King’s reign ends as Vertonghen closes in


Were it not for the fragility of his knees Ledley King would have been at Wembley yesterday, training with the England squad before heading for the European Championships. Instead he appeared to be calling time on a career that should still have years to run.

The Tottenham captain, whose contract expired on Thursday, said yesterday he did not want to play for another league club, but wished to stay involved at White Hart Lane. While it is possible that could mean returning next season as a player, it is just as likely he will join the coaching staff, or be given an ambassadorial role.

The club promised he will be 'looked after' and King said Spurs had "given me several options to stay involved," adding: "Tottenham has been the only club for me and if I can't play here then I shall look to be involved in another capacity." Much will depend on his fitness at pre-season training. King, who is recuperating from another knee operation, may decide continuing to play is no longer worth the pain; manager Harry Redknapp may decide King is no longer worth a place in the 25-man Premier League squad.

Tottenham appear to have a ready-made replacement lined up with Ajax's Jan Vertonghen, who should line up for Belgium against England today, announcing at Wembley yesterday that he is close to join Spurs.

"They [Tottenham] give me a very good feeling about everything." Veronghen said. "They invited me over and they also really want to close a deal, which is what gave me a good feeling. They showed me everything about where they want to be in the next few years and that is what I like most."

King is two months older than John Terry, with whom he played at Senrab, the fabled east London boys team, before they headed to separate capital clubs. Though both established themselves in the 2000-01 season, Terry has subsequently played 537 matches for Chelsea, King 313 for Spurs. King also has 51 fewer caps and these disparities can largely be ascribed to injury.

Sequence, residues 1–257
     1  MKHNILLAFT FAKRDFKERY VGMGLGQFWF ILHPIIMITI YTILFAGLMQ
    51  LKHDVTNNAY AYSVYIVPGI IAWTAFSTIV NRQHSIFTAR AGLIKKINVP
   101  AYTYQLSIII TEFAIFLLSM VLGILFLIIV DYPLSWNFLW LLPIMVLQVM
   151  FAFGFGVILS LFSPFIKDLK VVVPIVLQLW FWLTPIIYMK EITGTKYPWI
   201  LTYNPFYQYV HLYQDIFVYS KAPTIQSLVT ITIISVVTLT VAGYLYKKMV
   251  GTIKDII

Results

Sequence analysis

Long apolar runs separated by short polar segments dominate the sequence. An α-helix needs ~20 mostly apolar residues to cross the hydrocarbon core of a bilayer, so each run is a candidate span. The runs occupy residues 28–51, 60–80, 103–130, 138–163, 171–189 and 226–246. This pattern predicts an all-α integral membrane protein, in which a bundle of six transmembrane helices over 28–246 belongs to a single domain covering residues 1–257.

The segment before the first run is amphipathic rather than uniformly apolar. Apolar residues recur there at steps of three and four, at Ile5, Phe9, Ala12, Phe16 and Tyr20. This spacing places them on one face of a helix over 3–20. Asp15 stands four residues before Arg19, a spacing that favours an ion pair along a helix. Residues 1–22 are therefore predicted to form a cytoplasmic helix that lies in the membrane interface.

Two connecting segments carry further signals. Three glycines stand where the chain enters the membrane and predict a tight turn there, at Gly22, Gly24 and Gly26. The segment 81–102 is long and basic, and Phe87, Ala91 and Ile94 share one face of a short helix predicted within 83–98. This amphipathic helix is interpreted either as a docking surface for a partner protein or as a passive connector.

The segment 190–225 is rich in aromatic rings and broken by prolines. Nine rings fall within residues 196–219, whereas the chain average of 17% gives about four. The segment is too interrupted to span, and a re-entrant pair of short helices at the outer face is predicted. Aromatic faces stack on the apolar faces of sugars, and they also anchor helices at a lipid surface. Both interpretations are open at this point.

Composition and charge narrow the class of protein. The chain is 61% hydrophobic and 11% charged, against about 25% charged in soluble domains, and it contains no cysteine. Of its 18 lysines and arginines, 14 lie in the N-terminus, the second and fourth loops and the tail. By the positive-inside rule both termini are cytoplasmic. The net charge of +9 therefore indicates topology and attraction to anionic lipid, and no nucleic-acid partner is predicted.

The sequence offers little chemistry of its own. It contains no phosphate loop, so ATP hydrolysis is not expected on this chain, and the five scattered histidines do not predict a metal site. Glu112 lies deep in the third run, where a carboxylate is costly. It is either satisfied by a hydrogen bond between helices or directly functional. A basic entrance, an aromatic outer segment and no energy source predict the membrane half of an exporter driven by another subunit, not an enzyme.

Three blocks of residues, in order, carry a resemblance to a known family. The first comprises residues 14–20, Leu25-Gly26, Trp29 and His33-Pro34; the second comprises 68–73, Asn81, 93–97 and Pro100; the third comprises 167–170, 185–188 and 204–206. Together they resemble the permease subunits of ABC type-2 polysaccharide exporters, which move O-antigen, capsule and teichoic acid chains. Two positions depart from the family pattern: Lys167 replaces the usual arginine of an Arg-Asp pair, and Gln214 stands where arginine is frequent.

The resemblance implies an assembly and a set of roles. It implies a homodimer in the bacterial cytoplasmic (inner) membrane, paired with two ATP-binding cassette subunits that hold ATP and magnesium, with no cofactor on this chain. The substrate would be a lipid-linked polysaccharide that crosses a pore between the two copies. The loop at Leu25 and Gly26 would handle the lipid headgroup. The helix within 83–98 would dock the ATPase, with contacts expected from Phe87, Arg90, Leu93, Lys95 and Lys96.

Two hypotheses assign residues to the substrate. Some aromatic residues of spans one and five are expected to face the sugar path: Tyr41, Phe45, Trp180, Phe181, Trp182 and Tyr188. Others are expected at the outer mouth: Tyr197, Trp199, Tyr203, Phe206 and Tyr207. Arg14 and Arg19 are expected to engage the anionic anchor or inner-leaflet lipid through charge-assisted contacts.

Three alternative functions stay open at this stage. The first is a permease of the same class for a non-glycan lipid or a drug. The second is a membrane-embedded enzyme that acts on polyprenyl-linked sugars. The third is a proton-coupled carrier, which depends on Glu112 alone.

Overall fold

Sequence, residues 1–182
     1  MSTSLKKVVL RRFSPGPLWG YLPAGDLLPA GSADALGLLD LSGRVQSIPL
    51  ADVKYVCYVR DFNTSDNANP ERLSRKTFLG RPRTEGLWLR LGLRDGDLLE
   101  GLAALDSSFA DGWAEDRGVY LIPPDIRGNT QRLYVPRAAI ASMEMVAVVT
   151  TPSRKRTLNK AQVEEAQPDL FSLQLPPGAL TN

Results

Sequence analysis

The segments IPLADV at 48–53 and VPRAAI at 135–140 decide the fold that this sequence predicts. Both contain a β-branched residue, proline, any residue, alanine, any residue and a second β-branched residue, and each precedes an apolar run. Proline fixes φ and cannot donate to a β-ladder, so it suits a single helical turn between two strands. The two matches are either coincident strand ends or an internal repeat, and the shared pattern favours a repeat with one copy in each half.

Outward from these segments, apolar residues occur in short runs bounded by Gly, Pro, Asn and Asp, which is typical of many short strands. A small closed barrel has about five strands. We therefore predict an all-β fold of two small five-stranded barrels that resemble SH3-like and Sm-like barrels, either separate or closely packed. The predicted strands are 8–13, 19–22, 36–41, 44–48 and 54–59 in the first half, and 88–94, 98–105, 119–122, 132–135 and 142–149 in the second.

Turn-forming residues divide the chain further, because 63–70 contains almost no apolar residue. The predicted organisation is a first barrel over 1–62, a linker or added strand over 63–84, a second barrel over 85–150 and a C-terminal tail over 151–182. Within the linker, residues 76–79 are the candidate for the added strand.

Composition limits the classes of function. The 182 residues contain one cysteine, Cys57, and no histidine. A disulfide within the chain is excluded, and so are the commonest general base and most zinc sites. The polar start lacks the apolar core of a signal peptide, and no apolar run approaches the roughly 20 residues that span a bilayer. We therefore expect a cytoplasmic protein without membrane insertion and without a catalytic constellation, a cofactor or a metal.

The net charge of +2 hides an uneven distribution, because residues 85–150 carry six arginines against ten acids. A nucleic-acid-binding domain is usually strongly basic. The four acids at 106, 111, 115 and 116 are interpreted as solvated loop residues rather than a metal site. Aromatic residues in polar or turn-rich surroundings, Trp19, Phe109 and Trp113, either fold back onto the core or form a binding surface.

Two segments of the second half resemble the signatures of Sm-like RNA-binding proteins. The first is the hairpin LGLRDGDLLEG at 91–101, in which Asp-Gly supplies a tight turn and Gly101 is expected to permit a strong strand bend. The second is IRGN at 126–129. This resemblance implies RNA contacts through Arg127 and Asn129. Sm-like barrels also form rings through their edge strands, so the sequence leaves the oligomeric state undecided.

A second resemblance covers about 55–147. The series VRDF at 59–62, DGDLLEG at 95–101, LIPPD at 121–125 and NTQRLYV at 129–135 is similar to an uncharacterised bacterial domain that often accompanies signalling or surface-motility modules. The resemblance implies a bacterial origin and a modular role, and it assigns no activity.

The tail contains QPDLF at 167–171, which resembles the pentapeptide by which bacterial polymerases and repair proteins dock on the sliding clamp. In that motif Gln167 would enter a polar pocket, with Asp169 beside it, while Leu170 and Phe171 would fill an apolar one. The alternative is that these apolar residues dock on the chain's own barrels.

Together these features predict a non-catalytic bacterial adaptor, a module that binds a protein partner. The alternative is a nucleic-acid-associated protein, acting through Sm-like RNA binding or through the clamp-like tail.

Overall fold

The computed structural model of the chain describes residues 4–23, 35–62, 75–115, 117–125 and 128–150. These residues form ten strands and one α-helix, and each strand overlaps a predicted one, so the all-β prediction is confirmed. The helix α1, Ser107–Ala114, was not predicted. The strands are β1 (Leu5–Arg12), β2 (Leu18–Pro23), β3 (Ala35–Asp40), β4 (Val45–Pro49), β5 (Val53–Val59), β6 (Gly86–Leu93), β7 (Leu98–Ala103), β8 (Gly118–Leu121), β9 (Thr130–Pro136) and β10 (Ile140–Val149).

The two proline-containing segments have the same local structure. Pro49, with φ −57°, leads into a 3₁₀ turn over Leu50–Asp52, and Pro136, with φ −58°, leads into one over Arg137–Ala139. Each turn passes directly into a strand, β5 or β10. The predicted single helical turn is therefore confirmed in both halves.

In recent years King's knees, their cartilage tissue worn away, have been so weak he has been unable to train, keeping fit primarily through swimming at the pool of chairman Daniel Levy, and rarely playing two games in a week. If it was not his knees it was another body part. He missed the 2006 World Cup with a metatarsal injury. Four years later his involvement in the South Africa finals ended after 45 minutes' action following a groin injury.

Such was his value Redknapp was prepared to tolerate a situation in which his back four was disrupted by King's sporadic availability in order to field him in the key games. However, towards the end of last season there were signs that King's inability to train was catching up with him, notably in the home defeat to Norwich. He said: "I had a really good start to last season but a knock in training set me back towards the end. I opted to carry on playing rather than take the time out to have the knee seen to, unfortunately that meant that I didn't play the last few games at the standard I would have liked."

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